Stay at a level until you can perform a few sets of 10-15 reps with excellent form and full range of motion, then place your hands on a lower surface to increase the challenge. Continue this way until you’re on the floor banging out push-ups with ease like a pro. Do a focused session of 3-5 sets every 1-3 days (or as long as it takes for any major soreness to subside).
You can accelerate your progress by ‘greasing the groove’ with a quick lower intensity set (do no more than half of your maximum reps) every couple hours throughout each day. This is like constantly reminding your nervous system that you want to be able to do this, without fatiguing it to the point of diminishing returns. It usually works well in conjunction with your less frequent, higher volume training sessions.
I should mention that this advice assumes you meet the other necessary requirements for good push-ups. For example, wrist mobility and scapular mobility are common limitations that sometimes require specific supplemental work.
If you’re already able to perform full push-ups with ease, try your hand at the alternating one-fist push-ups shown in the video below. Chest to the ground! No cheating. Half range of motion is for the delusional ego-driven folks who only want to pretend to be strong.
It’s often said that exercise is important for health. I think play is far more important for health than exercise. Exercise can be playful, but it’s usually not when you observe how most people exercise.
Play, in my opinion, does more for both physical and mental health. It’s all in how you approach what you’re doing. Work can be play if you approach it with the right attitude. Life itself is play - it’s all a game!
Instead of torturing yourself with exercise that you have to drag yourself to do, do something playful that involves really using your body. Sports are an option but it’s definitely not the only option.
Your ability and willingness to play says a lot about you. There’s a saying that you can tell more about a person in one hour of play than in a year of conversation. It’s true! For fun, try the juggling variation demonstrated in the video below. Come up with your own variations too. Be creative. Move and play. Exercise is for ‘old’ people. Old is an attitude, not a number. Play... it’s the essence of youth.
When you’re busy thinking about what you assume you should be doing in order to move this way or that way, which muscles need to be activated, etc., you’re only getting in the way of your body. If you want to develop your actual movement capabilities rather than just your philosophies about movement, then focus your attention on the SENSATION of movement and the right intention.
To stand up from a squat, for example, there’s no need to try and activate your glutes. Simply stand up with ferocious intent and feel the sensation of standing up naturally. You do not govern your muscles. Let them work naturally. An infant doesn’t learn to walk by receiving mechanical instructions and intellectual cues from an expert walking teacher. The only true teachers are gravity and your own body sensations - just don’t override them with excessive thoughts.
A good teacher/coach can help you get more in tune with your body and the sensations of movement by exposing you to tasks/situations that pose a variety of movement challenges for you to (re)learn natural movement through a safe process of natural progression and development, while also developing a superior level of strength and resilience to support movement. A trainer who dictates simplistic exercises and gives you wrong mechanical performance cues is robbing you of proper and natural development and messing you up. It’s more of an art than a science. It’s like dancing. You can be taught choreography, but you cannot be taught how to dance... you must learn and feel it for yourself!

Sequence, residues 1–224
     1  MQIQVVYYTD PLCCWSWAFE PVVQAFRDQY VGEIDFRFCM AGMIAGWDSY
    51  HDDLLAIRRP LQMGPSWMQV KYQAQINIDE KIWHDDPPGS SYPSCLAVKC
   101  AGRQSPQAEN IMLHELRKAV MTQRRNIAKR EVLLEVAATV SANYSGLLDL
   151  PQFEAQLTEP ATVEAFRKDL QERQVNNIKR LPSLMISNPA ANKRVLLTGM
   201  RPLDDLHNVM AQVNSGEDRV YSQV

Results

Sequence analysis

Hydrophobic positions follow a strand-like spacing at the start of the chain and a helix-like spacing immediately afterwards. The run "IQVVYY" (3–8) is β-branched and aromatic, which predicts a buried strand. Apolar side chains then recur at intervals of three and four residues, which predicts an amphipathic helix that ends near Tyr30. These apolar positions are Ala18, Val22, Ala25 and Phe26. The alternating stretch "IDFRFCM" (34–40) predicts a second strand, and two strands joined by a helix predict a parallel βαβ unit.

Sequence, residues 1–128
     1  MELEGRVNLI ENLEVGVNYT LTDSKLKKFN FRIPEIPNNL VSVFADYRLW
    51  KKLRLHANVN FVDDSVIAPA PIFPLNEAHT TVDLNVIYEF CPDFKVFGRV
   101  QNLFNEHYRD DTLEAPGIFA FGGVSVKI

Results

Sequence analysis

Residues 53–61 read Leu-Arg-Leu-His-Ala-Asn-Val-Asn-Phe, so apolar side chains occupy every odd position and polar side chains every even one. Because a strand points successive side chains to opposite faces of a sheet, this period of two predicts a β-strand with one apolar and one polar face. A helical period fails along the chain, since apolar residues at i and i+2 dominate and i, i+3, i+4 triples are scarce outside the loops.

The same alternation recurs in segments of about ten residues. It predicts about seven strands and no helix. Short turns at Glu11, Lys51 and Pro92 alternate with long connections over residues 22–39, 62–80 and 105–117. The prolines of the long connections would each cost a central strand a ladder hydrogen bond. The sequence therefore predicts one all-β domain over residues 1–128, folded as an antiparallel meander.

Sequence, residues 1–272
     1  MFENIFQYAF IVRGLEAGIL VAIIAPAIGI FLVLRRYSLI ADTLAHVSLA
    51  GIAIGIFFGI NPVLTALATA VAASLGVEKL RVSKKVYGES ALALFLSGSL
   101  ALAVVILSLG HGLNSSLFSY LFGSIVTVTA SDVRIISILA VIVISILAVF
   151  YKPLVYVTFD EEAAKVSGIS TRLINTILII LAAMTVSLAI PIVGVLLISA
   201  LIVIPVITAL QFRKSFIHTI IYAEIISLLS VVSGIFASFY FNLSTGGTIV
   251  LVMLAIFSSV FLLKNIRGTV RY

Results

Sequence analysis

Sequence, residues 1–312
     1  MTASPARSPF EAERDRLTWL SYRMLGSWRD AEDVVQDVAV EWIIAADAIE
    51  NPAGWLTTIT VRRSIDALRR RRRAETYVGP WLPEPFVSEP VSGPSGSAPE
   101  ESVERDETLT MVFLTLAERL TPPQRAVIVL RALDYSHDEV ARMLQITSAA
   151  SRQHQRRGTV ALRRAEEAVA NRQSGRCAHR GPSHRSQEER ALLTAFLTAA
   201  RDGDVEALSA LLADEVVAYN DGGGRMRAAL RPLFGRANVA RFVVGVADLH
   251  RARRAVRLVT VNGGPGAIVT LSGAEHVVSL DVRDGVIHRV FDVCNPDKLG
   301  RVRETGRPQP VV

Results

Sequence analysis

People tend to think big muscles means big strength. In reality it’s not necessarily the case at all. You can build very big muscles that are basically useless. Not only useless, but actually detrimental to your ability to move. The TYPE of muscle you have makes all the difference.
I’m not referring to muscle type as in slow twitch vs. fast twitch vs. super fibres or other names that have been invented for various muscle types. I’m just referring to muscle type as in efficient vs. inefficient - in other words, does your muscle development support and allow your movement to happen naturally and easily or does it get in the way.
Muscle building just for the sake of a particular aesthetic is one thing. Let’s leave that aside for now. In the context of movement, athleticism, performance, fluidity, coordination, agility, etc... you should focus on movement development and not muscle development. There is a significant difference. The typical machines found in gyms and exercises targeting muscles as opposed to patterns might develop your muscles, but they won’t do much to develop your movement and may in fact severely hamper your movement.
Lastly, muscle and movement are definitely not mutually exclusive. On the contrary, someone with good movement develment will have a more balanced, natural, athletic look, usually with well-defined muscles and a flexible, elastic type of strength that provides superior resilience.
Better movement = better muscle. But bigger muscles does not mean good movement.
Welcome to the first in an ongoing series of mini-blogs/articles presented by Skillz Movement. This platform will replace our social media presence, so please be sure to check here regularly if you're interested in staying connected, learning about various topics related to movement/health/fitness, and checking out our photos/videos.
Today's quick topic is about running on ice. Why ice? It's a good way to evaluate the efficiency of your running technique. Since ice is slippery, it provides little room for wasted movements and inefficient technique when running. The feedback is instant... if you run poorly, you slip and/or fall.
While I don't necessarily recommend ice-running as a regular practice (although it could be if you enjoy it and are adequately prepared), it's a fun and effective way to check whether you're wasting efforts and putting unnecessary stress on your body when you run on other more forgiving surfaces.
If you're going to try this out, use sense and please be careful. For help with your running technique and development, email firstname.lastname@example.org to inquire about remote Individualized Programming (anywhere) or in-person Private Training (Guelph and surrounding area).